22. Markets and fairs
  23. Health and sanitation including hospitals, primary health centres and dispensaries
  24. Family welfare
  25. Women and child development
  26. Social welfare, including welfare of the handicapped and mentally retarded
  27. Welfare of the weaker sections, and in particular, of the scheduled castes and the scheduled tribes
  28. Public distribution system
  29. Maintenance of community assets.

PESA/Schedule Area in Chhattisgarh

  • Scheduled areas in India are inhabited by the tribal population who have been managing their natural resources and governing their social, economic and political life through a well- knit system of ancient customs and practices. However, in the wake of modernization these age old institutions of self governance are fast becoming extinct.
  • It is a challenge to usher the tribals in the mainstream of development efforts without disturbing or destroying their cultural identity and socio- economic milieu.
  • To achieve this objective Bhuria Committee was constituted 1994 to examine various dimensions of self rule for tribals, the constitutional requirements and to make recommendations for extending the provisions of the Constitution 73rd (Amendment) Act, 1992 to the Scheduled Areas.
  • Following the recommendations of the committee, the Parliament extended the provisions of 73rd Amendment Act to the Scheduled Areas in the then eight states (now nine states) by passing Provisions of Panchayats (Extension to the Scheduled Areas) Act, 1996 (hereinafter PESA).

Devolution of Powers under PESA

  • PESA legally recognizes the right of tribal communities to govern themselves through their own systems of self-government and also acknowledges their traditional rights over natural resources. In pursuance of this objective, PESA empowers Gram Sabhas (village assemblies) to play a key role in approving development plans, controlling all social sectors – including the processes and personnel who implement policies, exercising control over minor (non-timber) forest resources, minor water bodies and minor minerals, managing local markets, preventing land alienation and regulating intoxicants among other things.

Objectives of the Act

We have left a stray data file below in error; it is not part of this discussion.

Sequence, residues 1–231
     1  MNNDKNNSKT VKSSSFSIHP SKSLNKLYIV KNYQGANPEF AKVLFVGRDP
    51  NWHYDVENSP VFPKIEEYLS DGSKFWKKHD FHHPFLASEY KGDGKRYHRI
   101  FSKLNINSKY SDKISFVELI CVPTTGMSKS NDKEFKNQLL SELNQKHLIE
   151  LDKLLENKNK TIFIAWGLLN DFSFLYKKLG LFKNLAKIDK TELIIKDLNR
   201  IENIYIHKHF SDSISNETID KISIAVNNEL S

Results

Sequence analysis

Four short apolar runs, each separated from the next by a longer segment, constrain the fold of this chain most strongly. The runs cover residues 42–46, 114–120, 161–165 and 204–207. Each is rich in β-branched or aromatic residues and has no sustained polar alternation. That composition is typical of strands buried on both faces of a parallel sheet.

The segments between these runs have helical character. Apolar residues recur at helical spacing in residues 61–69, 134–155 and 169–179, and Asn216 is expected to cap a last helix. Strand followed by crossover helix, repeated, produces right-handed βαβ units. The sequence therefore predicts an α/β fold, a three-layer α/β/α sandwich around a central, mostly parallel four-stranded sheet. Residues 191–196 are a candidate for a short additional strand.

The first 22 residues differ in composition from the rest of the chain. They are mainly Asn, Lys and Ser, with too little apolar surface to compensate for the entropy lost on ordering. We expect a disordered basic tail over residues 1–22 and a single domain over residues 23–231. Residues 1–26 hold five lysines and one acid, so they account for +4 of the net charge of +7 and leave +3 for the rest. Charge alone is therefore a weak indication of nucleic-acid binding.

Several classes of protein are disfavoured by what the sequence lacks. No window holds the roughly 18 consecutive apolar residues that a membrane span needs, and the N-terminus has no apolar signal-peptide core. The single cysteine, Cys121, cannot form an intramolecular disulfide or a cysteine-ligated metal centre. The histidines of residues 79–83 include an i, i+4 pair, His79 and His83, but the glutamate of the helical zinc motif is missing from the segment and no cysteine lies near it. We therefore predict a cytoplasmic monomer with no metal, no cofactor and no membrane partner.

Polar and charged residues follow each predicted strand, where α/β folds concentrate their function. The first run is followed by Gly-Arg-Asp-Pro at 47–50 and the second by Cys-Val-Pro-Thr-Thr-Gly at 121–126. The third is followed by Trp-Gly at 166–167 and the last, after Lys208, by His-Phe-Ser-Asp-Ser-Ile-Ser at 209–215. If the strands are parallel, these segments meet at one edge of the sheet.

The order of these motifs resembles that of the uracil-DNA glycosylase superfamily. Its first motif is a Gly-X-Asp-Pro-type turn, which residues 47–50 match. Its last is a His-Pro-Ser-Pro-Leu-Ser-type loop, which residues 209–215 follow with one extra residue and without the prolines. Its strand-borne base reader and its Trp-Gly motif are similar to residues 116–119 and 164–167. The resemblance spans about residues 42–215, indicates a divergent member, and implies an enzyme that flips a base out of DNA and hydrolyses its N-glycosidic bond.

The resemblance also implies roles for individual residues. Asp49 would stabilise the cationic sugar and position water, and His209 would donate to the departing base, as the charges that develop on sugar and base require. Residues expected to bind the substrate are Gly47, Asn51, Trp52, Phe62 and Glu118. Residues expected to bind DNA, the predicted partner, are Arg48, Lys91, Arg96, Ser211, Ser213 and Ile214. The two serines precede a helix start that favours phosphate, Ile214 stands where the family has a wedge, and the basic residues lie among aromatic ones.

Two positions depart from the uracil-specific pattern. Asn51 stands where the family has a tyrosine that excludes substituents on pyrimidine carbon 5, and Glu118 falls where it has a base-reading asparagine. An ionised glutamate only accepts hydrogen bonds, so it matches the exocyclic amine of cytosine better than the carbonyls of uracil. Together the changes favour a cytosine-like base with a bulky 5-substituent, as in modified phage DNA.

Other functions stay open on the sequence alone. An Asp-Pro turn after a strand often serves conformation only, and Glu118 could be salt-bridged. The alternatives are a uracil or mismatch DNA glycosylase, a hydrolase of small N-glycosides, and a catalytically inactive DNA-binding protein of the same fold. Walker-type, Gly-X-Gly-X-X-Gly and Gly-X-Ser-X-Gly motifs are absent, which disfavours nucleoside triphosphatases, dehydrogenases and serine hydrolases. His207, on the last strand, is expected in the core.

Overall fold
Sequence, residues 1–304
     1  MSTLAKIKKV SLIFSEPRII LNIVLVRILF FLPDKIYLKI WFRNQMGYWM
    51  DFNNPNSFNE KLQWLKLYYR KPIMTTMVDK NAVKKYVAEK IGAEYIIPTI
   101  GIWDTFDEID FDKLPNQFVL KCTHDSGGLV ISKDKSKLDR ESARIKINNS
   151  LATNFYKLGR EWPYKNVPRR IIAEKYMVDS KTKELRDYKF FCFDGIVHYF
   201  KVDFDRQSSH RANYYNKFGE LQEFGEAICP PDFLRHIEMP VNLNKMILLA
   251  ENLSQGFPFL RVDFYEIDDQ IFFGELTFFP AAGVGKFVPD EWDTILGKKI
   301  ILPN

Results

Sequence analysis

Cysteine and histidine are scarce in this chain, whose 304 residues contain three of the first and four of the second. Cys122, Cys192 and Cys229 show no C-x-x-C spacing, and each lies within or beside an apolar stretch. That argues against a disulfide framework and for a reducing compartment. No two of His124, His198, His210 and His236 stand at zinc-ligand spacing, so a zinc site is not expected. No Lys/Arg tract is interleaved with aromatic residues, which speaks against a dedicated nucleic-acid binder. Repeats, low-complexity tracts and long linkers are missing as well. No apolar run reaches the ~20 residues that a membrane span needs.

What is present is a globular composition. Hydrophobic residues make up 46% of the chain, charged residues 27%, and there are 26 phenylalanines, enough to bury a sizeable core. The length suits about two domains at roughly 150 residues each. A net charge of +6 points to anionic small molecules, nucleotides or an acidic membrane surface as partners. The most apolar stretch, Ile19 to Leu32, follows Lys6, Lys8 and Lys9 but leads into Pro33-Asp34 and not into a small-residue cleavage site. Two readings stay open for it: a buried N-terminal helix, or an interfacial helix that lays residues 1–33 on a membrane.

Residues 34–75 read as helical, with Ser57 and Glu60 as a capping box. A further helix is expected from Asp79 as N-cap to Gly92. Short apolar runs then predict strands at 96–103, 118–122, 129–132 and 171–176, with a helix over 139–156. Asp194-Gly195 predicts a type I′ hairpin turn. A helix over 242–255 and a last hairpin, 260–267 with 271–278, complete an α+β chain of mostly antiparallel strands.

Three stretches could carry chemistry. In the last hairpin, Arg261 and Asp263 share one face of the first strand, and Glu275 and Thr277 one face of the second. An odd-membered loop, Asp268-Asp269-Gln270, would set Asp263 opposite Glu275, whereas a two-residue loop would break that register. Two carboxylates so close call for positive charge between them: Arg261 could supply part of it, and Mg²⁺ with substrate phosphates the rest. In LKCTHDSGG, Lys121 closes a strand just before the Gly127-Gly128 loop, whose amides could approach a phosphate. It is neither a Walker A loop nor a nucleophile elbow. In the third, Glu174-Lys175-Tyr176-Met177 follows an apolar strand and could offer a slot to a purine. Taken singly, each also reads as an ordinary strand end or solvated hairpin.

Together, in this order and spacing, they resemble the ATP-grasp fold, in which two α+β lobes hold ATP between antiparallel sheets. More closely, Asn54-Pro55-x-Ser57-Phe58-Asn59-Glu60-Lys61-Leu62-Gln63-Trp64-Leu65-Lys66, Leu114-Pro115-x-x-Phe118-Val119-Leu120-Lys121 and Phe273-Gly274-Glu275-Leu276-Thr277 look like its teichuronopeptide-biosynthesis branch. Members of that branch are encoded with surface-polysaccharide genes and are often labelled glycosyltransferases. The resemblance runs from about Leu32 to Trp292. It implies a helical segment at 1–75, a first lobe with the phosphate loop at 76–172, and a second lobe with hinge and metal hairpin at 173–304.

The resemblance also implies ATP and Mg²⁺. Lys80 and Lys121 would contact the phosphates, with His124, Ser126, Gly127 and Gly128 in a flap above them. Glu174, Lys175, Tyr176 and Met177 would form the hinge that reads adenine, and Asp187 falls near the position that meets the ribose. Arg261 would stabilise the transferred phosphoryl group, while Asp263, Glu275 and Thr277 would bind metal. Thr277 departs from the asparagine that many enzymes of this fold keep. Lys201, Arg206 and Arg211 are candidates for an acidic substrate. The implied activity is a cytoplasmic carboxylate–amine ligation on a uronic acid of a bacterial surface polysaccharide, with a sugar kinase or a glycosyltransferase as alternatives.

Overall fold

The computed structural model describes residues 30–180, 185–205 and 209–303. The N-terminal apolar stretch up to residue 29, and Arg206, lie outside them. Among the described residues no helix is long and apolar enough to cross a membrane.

The objectives of the PESA Act are as follows6:

  1. To extend the provisions of Part IX of the Constitution relating to the panchayats to the scheduled areas with certain modifications
  2. To provide self-rule for the bulk of the tribal population
  3. To have village governance with participatory democracy and to make the gram sabha a nucleus of all activities
  4. To evolve a suitable administrative framework consistent with traditional practices
  5. To safeguard and to preserve the traditions and customs of tribal communities
  6. To empower panchayats at the appropriate levels with specific powers conducive to tribal requirements
  7. To prevent panchayats at the higher level from

Adoption of PESA by the State of Chattisgarh

  • State governments were required to amend their respective Panchayat Raj Acts within a year and not to make any law that would be inconsistent with the mandate of PESA. Chattisgarh became an independent state in 2000.
  • The Panchayat Raj legislation applicable in Madhya Pradesh became applicable to the state of Chhattisgarh and make special provisions for extension of Panchayats in Scheduled Areas, a new chapter was added to Chhattisgarh Panchayati Raj Adhiniyam, 1993 (CPRA).
  • However, the manner in which PESA provisions have been incorporated in CPRA, have been at variance with the letter and spirit of PESA.
  • Besides, parallel provisions exist in other state laws governing a subject matter of PESA, which do not distinguish between a Scheduled Area and a Non Scheduled Area.
  • Finally, since the focus nationally is on reviewing the existing approaches to natural resource management in Scheduled Areas and to create an ideal framework for forest and Scheduled Area governance and also various key legislations on forest tribal interface such as new the Scheduled Tribes and other Traditional Forest Dwellers (Recognition of Forest Rights) Act, 2006, have been enacted, therefore, the PESA framework in Orissa also needs to be updated in the light of national and global developments.
  • With this backdrop, this report presents an analysis of the current status of PESA implementation in the State of Chattisgarh and our suggestions and recommendation on effective devolution of powers on each of the subject matters of PESA.